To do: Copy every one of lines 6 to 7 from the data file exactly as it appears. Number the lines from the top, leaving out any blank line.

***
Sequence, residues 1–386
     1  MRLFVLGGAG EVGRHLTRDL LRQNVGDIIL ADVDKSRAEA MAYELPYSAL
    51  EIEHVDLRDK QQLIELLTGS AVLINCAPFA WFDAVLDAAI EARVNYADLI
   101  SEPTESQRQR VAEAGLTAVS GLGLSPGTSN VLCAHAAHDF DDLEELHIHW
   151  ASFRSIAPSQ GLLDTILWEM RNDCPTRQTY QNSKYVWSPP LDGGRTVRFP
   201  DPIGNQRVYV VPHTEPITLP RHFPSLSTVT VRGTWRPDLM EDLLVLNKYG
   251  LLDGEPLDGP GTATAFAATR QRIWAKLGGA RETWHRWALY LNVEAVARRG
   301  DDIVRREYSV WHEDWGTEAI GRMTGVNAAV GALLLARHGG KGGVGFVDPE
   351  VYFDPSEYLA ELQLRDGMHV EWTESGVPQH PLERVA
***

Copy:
   201  DPIGNQRVYV VPHTEPITLP RHFPSLSTVT VRGTWRPDLM EDLLVLNKYG
   251  LLDGEPLDGP GTATAFAATR QRIWAKLGGA RETWHRWALY LNVEAVARRG